By Jessica Hanewinckel
For Encinitas-based Elizabeth Kaplan, avoiding most conventional breads, cakes and cookies isn’t something she only does begrudgingly during Passover. Rather, it’s a lifestyle she and her family have adopted out of necessity. And actually, it’s even more restrictive than Passover (since she’d have to pass on the standard matzah, too), and — here’s the kicker — it’s not something she dreads. In fact, Kaplan, her husband David and their three kids Isabelle, Ryan and Dolan all happily live a gluten-free lifestyle (with 12-year-old Ryan also avoiding a host of other foods to which he’s allergic, and 3-year-old Dolan also steering clear of dairy). The common denominator? Gluten intolerance, and to a greater degree, celiac disease.
As Dr. Stephen Levinson, a Burbank-based gastroenterologist, explains, celiac disease occurs when the ingestion of gluten (a protein composite found in foods processed from wheat, barley, rye and other related plant species) sets off an inflammatory reaction in the small intestine. This reaction then causes malabsorption of essential nutrients, not to mention stomach pain, bloating, diarrhea and a host of other unpleasant digestive maladies. There’s no cure other than to simply stop ingesting any and all gluten. And, he adds, there’s a genetic component to this autoimmune disease.
“About 30 percent of the population [in Europe or descending from Europeans] actually has the genetic marker for celiac disease,” he says, adding that though this 30 percent is predisposed, only about three percent of that 30 percent actually go on to develop the disease. “There are either some genes that are not yet known or some environmental factors that unmask it [in those who de develop celiac].”
Though Dr. Levinson admits that he’s not aware of an increased predilection for celiac among Jews, for Ashkenazi Jews, who are part of the larger European group, the predisposition is there.
When Kaplan was in her 30s, she was diagnosed with celiac disease shortly after her son Ryan was diagnosed. Isabelle and Dolan are both gluten intolerant as well. (Her husband, Kaplan says, smiling, eats gluten-free in solidarity, though he doesn’t need to.) And after Kaplan was diagnosed, her uncle was, too.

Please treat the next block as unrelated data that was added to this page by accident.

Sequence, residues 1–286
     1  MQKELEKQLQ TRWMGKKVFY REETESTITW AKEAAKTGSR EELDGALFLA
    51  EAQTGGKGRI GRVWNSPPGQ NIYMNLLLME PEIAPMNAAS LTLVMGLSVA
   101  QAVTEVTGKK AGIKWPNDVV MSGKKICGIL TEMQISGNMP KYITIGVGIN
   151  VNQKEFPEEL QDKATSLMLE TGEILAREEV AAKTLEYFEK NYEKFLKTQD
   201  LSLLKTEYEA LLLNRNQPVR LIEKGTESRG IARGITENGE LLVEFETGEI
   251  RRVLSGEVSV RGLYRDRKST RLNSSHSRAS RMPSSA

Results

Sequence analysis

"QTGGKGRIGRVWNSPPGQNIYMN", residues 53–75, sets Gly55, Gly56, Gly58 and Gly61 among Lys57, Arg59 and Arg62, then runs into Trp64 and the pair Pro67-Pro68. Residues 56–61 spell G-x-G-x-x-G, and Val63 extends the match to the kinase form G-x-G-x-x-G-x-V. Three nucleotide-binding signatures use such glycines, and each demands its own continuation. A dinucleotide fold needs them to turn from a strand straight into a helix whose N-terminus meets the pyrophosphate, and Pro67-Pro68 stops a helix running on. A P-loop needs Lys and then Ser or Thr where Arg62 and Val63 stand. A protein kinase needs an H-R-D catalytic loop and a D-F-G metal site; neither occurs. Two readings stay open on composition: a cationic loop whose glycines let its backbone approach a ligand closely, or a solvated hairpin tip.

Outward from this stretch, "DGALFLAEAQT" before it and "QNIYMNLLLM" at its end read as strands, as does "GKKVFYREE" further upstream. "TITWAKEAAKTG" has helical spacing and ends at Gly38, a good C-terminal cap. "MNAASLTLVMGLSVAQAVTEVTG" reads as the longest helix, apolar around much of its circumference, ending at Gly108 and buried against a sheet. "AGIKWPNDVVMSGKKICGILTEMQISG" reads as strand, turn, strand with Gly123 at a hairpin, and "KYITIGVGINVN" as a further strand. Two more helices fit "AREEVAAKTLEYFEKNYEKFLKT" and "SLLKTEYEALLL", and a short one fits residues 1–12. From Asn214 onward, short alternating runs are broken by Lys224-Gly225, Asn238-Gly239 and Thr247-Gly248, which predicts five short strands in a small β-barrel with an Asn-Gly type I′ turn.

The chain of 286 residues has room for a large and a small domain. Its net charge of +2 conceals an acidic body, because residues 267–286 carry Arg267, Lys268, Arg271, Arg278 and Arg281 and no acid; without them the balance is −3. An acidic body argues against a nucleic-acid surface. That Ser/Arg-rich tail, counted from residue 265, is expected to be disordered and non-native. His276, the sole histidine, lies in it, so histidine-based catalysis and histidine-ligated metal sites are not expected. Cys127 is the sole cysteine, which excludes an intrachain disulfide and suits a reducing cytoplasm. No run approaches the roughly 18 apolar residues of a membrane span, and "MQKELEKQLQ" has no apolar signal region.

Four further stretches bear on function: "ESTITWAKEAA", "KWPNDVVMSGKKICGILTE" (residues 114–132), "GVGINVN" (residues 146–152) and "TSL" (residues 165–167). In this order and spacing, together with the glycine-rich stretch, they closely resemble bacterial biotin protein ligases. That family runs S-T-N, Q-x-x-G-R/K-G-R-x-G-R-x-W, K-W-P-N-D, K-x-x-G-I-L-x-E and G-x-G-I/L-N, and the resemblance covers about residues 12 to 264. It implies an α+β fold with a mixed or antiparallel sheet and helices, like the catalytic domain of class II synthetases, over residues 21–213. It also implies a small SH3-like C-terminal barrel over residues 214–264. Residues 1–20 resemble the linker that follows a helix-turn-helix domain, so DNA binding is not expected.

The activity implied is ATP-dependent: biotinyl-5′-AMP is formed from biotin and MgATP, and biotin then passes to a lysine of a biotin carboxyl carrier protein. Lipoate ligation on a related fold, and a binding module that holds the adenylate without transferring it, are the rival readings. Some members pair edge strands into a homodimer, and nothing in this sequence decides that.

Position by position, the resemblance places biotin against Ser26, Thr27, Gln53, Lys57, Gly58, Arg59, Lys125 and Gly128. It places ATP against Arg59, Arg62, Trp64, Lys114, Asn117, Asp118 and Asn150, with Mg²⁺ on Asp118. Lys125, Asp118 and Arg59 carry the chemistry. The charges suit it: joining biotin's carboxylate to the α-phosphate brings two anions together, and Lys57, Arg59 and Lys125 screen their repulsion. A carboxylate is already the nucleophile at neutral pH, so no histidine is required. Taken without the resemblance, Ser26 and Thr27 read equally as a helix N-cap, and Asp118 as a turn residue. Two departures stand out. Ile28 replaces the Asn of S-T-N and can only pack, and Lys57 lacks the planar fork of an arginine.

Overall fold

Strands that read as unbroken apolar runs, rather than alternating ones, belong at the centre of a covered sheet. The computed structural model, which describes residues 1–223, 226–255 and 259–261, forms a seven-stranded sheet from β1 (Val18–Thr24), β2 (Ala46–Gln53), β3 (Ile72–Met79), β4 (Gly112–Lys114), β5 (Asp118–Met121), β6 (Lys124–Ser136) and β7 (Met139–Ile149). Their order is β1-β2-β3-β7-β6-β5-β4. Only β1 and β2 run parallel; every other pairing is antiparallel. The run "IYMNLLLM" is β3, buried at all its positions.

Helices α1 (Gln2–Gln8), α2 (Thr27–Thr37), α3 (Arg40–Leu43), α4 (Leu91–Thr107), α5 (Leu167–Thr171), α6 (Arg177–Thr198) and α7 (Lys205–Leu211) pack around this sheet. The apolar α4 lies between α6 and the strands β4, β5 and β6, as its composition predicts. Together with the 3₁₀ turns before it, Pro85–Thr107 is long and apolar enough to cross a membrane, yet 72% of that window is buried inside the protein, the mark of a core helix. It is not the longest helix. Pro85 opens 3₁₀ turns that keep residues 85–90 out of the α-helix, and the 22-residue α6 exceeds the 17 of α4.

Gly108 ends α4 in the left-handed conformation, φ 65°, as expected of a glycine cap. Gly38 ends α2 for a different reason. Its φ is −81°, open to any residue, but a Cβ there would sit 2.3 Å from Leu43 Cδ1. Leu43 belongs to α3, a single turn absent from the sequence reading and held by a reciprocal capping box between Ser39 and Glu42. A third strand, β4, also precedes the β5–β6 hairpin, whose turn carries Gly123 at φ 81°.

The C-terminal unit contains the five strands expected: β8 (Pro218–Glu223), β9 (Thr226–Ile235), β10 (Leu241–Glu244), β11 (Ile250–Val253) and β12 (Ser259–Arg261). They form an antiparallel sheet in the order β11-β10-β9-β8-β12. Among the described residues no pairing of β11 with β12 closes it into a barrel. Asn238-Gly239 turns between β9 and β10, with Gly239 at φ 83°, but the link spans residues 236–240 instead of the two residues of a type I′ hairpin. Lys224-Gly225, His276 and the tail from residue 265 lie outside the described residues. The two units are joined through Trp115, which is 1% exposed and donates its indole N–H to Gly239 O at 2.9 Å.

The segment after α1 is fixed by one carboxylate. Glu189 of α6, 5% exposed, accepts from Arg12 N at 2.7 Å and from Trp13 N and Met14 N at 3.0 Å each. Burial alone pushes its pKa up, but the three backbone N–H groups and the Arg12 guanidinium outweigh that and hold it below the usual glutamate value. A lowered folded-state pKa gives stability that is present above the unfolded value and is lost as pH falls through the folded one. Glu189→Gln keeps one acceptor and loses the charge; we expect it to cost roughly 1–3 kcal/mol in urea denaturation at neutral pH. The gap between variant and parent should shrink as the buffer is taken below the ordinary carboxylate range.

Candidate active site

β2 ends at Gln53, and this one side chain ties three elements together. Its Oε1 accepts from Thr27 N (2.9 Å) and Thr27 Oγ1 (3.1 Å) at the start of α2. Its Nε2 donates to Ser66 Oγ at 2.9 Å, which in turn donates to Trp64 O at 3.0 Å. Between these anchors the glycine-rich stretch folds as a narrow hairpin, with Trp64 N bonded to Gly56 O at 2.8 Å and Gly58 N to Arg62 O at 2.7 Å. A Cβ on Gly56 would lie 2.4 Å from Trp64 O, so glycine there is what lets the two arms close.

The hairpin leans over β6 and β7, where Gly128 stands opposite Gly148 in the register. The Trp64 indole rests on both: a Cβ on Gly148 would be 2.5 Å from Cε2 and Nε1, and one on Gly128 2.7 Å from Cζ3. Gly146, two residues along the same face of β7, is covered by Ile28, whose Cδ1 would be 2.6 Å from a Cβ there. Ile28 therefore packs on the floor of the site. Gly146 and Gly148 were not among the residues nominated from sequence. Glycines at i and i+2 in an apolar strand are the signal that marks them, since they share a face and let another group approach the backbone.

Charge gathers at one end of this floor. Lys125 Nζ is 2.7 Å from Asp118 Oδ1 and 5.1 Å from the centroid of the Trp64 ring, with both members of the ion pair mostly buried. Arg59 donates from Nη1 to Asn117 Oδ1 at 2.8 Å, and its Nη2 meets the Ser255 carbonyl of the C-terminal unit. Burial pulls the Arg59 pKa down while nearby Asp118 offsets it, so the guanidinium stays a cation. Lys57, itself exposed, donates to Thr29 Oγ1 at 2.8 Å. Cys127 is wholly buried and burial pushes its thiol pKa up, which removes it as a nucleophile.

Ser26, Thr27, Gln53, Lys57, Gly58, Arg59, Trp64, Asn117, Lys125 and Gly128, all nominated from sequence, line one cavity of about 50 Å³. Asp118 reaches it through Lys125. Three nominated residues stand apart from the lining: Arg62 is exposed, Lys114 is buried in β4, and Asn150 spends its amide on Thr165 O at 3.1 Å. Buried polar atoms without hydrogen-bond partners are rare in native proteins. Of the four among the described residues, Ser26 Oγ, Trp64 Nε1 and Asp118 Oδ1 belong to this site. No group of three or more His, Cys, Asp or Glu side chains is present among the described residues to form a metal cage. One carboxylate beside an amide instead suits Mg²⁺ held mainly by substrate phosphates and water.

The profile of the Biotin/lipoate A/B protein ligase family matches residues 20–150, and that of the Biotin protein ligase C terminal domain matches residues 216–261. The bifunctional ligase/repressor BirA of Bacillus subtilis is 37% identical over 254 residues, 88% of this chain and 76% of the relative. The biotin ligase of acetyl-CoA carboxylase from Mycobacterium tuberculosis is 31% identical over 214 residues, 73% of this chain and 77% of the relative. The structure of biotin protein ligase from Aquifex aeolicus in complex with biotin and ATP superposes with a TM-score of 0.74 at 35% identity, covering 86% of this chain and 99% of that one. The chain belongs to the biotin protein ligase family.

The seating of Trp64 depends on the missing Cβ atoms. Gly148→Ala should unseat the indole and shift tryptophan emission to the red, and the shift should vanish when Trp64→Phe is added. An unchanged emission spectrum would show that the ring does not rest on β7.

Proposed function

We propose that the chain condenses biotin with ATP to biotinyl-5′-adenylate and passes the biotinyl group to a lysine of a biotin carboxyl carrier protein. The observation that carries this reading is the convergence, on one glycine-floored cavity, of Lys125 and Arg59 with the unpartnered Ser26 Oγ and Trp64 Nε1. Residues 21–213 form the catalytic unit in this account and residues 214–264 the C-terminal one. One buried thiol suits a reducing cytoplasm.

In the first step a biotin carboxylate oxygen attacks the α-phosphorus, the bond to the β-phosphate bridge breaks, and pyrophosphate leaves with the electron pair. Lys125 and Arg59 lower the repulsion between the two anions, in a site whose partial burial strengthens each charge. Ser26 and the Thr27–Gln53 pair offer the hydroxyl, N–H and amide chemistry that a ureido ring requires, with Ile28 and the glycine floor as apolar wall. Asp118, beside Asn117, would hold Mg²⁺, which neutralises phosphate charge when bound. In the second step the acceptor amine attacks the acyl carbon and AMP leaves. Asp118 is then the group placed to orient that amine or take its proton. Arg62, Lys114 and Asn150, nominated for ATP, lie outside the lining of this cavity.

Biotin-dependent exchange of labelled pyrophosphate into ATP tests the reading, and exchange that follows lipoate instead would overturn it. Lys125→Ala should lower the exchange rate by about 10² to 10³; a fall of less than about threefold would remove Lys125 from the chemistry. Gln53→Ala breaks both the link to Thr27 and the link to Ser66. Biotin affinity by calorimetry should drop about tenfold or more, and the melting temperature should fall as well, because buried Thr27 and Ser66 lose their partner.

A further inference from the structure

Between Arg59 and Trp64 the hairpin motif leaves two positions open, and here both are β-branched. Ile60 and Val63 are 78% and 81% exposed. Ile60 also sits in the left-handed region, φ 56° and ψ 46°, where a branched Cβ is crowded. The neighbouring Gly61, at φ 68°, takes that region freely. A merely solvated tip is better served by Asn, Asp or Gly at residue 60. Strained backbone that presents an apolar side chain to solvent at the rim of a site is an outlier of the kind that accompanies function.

When Kaplan first learned she and her family would have to forego all the delicious gluten-based foods she loved, she admits she had the same reaction a lot of people do upon learning their fate.
“When I looked into it, I thought, ‘Oh my gosh, giving up all that? There’s no way,’” she says. “And that’s a lot of people’s reaction. They really can’t imagine giving up bread pasta, cake, muffins.”
But, she says, as soon as the family stopped eating gluten, they immediately felt better. Ryan, who’d been having grand mal seizures, stopped seizing, he was better able to focus at school, and the dark circles caused by allergies faded from under his eyes.
“It isn’t a problem anymore,” she says. “All around, everyone’s health is great.”
But the adaptation from a pretty average, albeit already healthy, American diet to a completely gluten-free one took some tinkering.
“Once I figured out what was going on, I knew we all had to go gluten-free,” Kaplan says, “and I just started playing around with recipes and figuring it out, and it kind of just took off from there.”
Going gluten-free isn’t necessarily an easy task, and figuring out how to convert conventional recipes to gluten-free without losing nutrition, taste, texture or quality can be tricky. But Kaplan was lucky. Not only had she grown up in a home with organic foods prepared from scratch, but she had always had a fascination with recipes and cooking from the time she checked out cookbooks in the school library as a kid, shut herself in her room to pour over her newest subscription copies of Bon Appetit or Gourmet magazines as a teen, and ran her own cheesecake business as a college student.